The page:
By Yaw Yan Chong
Oil prices eases as traders take profits from rally triggered by fears of tighter supplies and Middle East tension.
Oil prices eased on Wednesday, as traders took profits from a roaring rally to a new peak above $88, fuelled by renewed investor appetite triggered by fears of tighter supplies this winter and Middle East tension.
The surge has taken prices into uncharted territory, nearing the inflation-adjusted peak of 1980 and sounding alarm bells in the US, where officials fear it will pile pressure on an economy already reeling from the subprime crisis.
After surging more than 10% in six straight days of gains, US crude fell 46 cents to $87.15 a barrel at 0651 GMT. Prices gained $1.48 on Tuesday and touched a new intra-day high of $88.20, their third record peak in a row. December Brent crude fell 50 cents to $83.05.
Mounting tension between Turkey and Kurdish separatists in northern Iraq has fuelled the latest rally, helping lure a fresh wave of speculative and long-term investor capital, but some analysts said a correction was in store soon.
"The market is still very much focused on the Turkey-Iraq tensions for the short-term but I believe it is overvalued by at least $10 and will probably come off within the week," said Makoto Takeda of Tokyo's Bansei Securities.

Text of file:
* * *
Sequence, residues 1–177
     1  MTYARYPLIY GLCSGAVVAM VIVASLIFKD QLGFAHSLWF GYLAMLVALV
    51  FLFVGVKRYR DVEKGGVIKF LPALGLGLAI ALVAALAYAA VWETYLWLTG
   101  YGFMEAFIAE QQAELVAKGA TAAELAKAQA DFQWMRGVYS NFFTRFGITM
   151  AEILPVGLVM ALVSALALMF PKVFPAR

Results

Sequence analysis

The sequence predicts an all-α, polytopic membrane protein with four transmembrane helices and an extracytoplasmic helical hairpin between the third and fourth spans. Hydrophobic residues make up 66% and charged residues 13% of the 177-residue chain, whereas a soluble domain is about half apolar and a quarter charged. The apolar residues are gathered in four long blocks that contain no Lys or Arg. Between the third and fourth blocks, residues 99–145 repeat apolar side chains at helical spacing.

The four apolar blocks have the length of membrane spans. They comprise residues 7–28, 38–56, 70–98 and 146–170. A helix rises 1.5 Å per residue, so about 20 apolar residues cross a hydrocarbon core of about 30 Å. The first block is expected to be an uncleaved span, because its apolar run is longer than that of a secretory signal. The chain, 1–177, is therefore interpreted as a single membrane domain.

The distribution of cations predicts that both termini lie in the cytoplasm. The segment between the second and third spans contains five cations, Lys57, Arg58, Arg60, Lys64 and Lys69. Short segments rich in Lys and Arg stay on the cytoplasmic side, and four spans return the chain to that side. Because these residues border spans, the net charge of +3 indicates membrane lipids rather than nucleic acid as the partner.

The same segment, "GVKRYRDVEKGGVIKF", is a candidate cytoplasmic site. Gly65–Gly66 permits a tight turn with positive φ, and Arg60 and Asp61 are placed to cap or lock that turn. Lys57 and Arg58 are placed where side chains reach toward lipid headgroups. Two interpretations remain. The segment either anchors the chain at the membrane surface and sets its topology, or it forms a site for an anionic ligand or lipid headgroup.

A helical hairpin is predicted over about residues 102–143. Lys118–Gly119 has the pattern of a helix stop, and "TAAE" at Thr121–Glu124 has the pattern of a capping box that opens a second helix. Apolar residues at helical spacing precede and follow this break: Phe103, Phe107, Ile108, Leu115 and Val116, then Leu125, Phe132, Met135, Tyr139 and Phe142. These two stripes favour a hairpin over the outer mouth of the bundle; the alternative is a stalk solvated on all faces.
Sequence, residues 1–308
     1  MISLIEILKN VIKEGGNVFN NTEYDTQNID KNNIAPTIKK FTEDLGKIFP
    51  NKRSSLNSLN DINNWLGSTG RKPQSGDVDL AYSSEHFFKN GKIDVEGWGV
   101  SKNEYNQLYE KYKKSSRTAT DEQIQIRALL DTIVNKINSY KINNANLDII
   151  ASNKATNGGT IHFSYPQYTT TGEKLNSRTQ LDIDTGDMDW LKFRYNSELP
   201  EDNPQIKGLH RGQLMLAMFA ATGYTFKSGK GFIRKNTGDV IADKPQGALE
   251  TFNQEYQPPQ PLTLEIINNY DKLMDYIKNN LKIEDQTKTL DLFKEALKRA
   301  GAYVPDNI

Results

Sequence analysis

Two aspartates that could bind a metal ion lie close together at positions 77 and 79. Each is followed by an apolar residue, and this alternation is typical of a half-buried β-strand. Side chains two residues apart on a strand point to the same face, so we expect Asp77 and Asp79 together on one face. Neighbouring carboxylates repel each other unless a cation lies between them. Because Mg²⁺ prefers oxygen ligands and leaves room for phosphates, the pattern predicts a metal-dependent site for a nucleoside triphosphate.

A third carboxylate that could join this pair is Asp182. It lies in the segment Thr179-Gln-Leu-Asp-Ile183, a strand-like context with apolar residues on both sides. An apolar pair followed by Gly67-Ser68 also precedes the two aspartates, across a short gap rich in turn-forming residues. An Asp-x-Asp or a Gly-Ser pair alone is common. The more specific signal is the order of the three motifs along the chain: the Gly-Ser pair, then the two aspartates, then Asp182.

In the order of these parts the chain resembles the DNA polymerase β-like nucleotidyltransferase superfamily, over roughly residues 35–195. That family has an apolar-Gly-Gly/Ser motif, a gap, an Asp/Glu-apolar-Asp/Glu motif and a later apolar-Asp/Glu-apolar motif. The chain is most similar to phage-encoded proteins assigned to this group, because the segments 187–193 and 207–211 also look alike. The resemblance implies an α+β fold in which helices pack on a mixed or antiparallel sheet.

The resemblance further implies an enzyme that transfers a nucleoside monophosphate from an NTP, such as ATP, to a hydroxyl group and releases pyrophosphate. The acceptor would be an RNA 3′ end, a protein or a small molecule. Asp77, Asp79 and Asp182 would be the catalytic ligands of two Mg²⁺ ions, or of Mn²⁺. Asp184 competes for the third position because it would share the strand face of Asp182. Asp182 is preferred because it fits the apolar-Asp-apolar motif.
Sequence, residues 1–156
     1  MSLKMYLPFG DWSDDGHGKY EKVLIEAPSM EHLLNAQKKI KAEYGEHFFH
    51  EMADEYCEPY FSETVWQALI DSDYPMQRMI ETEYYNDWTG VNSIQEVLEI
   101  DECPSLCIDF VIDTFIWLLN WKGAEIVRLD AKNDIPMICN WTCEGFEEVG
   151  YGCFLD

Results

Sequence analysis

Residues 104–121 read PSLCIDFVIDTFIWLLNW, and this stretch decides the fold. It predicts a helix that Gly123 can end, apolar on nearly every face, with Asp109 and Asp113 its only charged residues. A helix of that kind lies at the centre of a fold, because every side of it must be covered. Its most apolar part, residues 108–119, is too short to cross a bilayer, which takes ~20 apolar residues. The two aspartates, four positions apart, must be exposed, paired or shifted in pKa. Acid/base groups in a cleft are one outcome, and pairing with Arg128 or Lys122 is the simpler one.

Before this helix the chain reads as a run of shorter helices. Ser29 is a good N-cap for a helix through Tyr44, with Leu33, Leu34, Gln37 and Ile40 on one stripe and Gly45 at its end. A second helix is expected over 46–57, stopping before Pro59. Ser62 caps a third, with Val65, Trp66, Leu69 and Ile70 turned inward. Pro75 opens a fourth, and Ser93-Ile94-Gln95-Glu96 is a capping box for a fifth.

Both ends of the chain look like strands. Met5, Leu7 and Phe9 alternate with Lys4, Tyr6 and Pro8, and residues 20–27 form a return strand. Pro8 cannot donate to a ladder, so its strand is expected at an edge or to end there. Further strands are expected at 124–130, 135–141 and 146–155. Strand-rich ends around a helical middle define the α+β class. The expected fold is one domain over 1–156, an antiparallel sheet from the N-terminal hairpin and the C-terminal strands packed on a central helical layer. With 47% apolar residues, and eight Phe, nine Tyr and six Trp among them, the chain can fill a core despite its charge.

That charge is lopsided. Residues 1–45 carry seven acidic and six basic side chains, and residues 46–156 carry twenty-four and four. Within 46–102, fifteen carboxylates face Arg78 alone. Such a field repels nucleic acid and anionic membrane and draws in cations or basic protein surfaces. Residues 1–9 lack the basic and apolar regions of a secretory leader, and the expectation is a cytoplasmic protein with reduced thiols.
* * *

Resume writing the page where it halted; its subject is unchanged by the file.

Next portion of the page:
The Turkish parliament is expected on Wednesday to grant its troops permission to launch an attack inside Iraqi territory, despite international pressure not to.
The tensions are seen as dimming hopes for a recovery in Iraqi oil exports via Turkey, which have been sporadic since 2003, but traders say the greater fear is the risk of unsettling the Middle East region, which pumps a third of the world's oil.
The impact of the geopolitical risk was magnified by concerns that Opec's 500,000 barrels per day (bpd) output rise may be too little too late to maintain healthy supplies through the winter, with refiners revving up to meet peak demand.
"Even when they start pumping in November, it's not much, I'm surprised they're not coming under more pressure," said Dariusz Kowalczyk, chief investment strategist at CFC Seymour.
US crude stocks are expected to rise another 900,000 barrels in weekly data due for release later on Wednesday, while distillate inventories - which include heating fuel - should ease by 400,000 barrels, a Reuters poll found.
The US Energy Information Administration (EIA) said on Tuesday the market needed additional Opec oil but officials of the producing group said they had heard no discussion about raising output beyond the 500,000 bpd agreed in September.
Opec blames speculators for driving up prices, and some traders concur, noting the flood of cash now chasing returns after the US Federal Reserve cut interest rates and added billions of dollars of temporary reserves to the banking system.
Unprecedented weakness in the US dollar has also pushed investors into commodities at the start of the fourth quarter, when some investors will have reviewed allocations.
Oil prices have more than quadrupled since 2002 on the back of surging demand from developing economies but remain below the inflation-adjusted peak around $90 a barrel struck a year after the Iranian Revolution in 1979. - Reuters